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Hope & Understanding for 2024

As we prepare for a new year, we pause to reflect on the past—and look toward the future with hope and understanding. Carmel Raviv is a Sophomore at UC Davis, where she is a member of the Hillel House community. She wrote this letter to share her thoughts on Jewish identity and culture—and how we can support each other during these challenging times. 

My favorite aspect of Jewish Identity is how I identify with other Jewish people. The Jewish Culture and Peoplehood spans thousands of years due to the diaspora, extending to several different countries—but we still light Shabbat candles at the same time, say the same prayers, and feel the same pride, joy, and groundedness. We can relate to each other on our family values, rugged history, and of course, Jewish Geography.

The best way to support your Jewish friends is to reach out and ask questions. It doesn’t even have to be a promise of unwavering support, just checking in to show that you care about your friend’s well-being goes a long way.

Your Jewish friends are not actors in a political debate, they are real people who can’t help being Jewish, and when they see people being vocal about how much they hate them for it, it’s extremely mentally challenging. Friends who have reached out with open-ended questions like “How have recent events made you feel?”, and given me space to speak about my experience, have made me feel more valued and more safe than any Instagram infographic.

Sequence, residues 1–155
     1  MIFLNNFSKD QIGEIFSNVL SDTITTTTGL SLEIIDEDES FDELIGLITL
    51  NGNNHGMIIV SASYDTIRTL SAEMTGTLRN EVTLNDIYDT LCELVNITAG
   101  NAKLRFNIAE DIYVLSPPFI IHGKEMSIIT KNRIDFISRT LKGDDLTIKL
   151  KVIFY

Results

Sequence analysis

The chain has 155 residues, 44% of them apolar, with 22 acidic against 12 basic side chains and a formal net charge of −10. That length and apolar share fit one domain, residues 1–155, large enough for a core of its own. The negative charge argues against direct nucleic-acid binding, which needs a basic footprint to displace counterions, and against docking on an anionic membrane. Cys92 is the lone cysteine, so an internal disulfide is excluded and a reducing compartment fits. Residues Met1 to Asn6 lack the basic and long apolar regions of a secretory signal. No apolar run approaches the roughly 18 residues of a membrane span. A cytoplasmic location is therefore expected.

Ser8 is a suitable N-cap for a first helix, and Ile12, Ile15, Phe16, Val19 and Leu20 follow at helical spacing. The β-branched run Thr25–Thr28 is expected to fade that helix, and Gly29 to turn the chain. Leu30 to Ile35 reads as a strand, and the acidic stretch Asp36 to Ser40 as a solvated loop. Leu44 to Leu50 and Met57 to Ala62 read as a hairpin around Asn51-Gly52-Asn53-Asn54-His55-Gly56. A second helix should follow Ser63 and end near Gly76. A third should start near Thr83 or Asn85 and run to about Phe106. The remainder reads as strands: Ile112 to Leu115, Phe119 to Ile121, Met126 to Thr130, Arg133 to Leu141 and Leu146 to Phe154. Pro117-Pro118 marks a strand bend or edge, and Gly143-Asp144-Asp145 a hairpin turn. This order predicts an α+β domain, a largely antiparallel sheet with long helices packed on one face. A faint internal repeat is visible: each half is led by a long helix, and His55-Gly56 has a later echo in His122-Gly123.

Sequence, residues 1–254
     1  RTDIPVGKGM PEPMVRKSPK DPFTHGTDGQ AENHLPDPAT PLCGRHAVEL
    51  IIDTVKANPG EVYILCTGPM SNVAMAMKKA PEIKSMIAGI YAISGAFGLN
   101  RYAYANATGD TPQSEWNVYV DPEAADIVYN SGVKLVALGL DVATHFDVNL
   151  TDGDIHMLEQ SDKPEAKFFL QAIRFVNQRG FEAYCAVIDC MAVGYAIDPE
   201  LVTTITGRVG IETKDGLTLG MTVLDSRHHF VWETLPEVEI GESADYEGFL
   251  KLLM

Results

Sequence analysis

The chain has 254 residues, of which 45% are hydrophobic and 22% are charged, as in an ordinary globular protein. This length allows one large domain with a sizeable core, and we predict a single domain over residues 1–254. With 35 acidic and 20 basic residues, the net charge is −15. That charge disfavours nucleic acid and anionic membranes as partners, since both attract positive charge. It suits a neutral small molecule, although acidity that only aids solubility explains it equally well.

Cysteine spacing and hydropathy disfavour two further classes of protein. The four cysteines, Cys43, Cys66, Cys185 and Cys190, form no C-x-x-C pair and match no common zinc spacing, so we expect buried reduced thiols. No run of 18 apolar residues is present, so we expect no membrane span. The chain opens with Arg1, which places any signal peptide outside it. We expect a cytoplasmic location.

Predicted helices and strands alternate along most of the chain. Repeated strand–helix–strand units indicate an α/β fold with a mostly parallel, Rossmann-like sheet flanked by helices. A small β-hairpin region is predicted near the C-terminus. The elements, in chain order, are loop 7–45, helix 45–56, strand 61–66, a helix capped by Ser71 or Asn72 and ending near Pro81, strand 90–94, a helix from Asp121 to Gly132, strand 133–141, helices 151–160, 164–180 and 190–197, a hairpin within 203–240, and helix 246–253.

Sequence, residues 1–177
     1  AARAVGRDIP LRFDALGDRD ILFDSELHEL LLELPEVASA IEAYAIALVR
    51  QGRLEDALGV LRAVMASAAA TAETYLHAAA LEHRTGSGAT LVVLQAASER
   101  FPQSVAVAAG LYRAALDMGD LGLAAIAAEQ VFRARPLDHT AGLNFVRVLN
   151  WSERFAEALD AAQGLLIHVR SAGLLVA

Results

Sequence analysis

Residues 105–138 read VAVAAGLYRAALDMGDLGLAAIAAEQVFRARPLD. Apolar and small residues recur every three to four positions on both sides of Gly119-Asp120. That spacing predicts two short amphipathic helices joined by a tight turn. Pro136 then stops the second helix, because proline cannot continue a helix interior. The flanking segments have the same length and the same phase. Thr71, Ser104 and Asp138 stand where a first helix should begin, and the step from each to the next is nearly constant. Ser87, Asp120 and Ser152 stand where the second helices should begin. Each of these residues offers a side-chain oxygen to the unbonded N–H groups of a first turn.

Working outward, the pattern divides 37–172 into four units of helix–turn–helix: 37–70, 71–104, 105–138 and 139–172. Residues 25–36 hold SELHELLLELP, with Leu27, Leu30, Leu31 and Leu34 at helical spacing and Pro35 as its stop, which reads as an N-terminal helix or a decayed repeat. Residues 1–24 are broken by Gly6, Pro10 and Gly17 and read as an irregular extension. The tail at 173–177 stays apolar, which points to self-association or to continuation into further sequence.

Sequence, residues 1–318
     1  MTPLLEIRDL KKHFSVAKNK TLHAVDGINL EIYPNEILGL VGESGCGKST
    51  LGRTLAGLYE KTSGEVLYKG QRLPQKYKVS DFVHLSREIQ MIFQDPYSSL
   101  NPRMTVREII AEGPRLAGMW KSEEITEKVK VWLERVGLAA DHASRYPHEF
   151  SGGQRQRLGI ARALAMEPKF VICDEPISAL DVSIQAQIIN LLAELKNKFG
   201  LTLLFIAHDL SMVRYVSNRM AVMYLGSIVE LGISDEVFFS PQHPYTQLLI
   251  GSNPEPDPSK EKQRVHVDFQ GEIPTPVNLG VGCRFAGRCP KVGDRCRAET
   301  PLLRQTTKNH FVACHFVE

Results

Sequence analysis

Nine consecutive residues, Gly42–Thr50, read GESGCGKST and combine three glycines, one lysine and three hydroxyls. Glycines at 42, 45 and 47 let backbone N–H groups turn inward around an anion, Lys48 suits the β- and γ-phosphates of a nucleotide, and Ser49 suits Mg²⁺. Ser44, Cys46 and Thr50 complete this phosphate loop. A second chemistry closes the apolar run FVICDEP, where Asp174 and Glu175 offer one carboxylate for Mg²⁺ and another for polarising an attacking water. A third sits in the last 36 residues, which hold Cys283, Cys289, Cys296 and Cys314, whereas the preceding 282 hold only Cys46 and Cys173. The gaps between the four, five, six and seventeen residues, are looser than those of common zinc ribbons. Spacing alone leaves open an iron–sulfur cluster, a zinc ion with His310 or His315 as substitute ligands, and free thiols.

If you have Jewish friends, you don’t need to speak, you just need to listen. And it might surprise you what they have to say.

My one wish is for people to see nuance in every situation. Simplified slogans and polarizing statements rooted in anger have manipulated our worldview, resulting in a tense, divided society. The tension on campuses and around the world is not normal.

But I still see a future where we rise up. Where we don’t take the validity of one existence as mutually exclusive with the other. Where we recognize when we’re using inflammatory language, and know it’s okay to be proven wrong even if we believed something for a long time. Where we treat each other with kindness.

Carmel Raviv, Sophomore at UC Davis

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